"We should not be bailing out the oil and gas industry—we should be buying it out by taking public control of assets and managing a fair and just transition for workers and front-line communities," said Jones. "Doing otherwise is irresponsible, and shows a lack of real understanding of the climate crisis.

"Democratic leadership must get this right," he warned, "because the fate of our habitable planet depends on it."

Our work is licensed under Creative Commons (CC BY-NC-ND 3.0). Feel free to republish and share widely.
We need your help.

Support progressive journalism.

Common Dreams is not your average news site. We don't survive on clicks or advertising dollars. We rely entirely on your support. And without it, our independent progressive journalism simply wouldn’t exist. Every gift of every amount matters.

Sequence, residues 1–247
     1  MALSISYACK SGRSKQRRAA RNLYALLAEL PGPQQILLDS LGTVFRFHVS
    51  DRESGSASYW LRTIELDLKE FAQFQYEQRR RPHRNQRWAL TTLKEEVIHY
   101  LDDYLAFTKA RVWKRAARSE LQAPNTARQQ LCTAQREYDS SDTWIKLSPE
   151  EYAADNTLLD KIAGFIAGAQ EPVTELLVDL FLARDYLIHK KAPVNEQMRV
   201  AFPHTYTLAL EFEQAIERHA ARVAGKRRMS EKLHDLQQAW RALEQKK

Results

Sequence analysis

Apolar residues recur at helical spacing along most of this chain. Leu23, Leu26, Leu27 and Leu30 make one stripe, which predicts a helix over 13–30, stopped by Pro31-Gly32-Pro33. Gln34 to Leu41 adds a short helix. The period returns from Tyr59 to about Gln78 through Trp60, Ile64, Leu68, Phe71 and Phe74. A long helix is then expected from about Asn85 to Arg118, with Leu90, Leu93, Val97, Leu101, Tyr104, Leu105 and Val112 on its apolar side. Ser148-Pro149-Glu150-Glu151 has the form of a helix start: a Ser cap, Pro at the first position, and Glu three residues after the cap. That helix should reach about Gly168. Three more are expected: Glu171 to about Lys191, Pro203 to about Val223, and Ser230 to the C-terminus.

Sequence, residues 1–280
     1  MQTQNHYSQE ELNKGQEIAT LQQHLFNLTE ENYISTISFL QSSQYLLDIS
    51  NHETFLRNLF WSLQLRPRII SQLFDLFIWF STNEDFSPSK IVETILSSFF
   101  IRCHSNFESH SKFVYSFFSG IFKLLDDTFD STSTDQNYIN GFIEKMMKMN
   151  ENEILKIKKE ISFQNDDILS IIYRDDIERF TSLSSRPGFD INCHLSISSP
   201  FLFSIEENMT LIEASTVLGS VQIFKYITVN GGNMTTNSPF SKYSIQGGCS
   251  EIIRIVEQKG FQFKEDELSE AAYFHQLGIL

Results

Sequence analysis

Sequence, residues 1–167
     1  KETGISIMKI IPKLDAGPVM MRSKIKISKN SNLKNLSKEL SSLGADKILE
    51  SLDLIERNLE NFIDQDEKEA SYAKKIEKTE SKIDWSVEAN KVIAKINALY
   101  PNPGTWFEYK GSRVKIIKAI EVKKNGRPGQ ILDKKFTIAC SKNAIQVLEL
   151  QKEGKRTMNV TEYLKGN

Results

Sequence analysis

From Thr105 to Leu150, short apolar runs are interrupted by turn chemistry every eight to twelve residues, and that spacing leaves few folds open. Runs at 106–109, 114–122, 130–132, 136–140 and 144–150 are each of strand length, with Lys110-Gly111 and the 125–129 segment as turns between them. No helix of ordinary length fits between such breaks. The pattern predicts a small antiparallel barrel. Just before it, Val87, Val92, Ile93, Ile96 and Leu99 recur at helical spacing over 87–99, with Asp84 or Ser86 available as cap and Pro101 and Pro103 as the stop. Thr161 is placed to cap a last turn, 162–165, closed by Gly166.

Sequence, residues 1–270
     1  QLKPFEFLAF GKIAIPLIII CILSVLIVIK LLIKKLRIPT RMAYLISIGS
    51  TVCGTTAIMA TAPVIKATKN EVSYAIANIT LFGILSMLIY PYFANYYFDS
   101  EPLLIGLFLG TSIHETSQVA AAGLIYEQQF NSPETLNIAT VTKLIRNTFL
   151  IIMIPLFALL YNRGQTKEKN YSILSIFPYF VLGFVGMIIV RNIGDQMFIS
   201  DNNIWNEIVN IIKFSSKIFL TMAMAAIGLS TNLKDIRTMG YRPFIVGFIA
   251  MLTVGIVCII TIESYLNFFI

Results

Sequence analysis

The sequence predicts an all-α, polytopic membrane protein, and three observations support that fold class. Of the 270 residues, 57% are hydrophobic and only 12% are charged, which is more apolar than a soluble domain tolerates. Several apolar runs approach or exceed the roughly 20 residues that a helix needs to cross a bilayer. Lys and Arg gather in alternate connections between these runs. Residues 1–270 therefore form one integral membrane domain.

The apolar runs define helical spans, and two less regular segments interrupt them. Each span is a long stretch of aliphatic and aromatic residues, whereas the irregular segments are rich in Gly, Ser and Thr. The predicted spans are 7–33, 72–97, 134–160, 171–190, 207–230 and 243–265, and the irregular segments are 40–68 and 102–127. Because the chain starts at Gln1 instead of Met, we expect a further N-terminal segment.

Join the fight and support our common dreams today.

'A Deeply Dangerous Order': Trump-Appointed Judge Blocks Biden From Pausing New Oil Drilling Leases

"The judge's order turns a blind eye to runaway climate pollution that's devastating our planet."

Jake Johnson, staff writer ·

After Far-Right Marchers Chant 'Death to Arabs,' New Israeli Government Bombs Gaza

"The problem is bigger than Netanyahu—it's apartheid."

Jake Johnson, staff writer ·

Progressives, Big Tech Critics Celebrate Confirmation of Lina Khan as FTC Chair

"Her presence on the FTC marks the beginning of the end of an era of lawlessness for powerful corporations that they've enjoyed at the expense of workers, smaller businesses, and democracy."

Jessica Corbett, staff writer ·

'Our Democracy Hangs in the Balance': Calls Grow for Justice Breyer to Retire

"Democrats could lose our razor-thin majority in the Senate at any moment," warns Rep. Mondaire Jones. "It would be irresponsible to leave the future of our democracy up to chance."

Brett Wilkins, staff writer ·

Share of Fossil Fuels in Global Energy Mix 'Has Not Moved by an Inch' in a Decade

"We are waking up to the bitter reality that the climate policy promises over the past 10 years have mostly been empty words," said the executive director of REN21, which released the new report.

Jessica Corbett, staff writer ·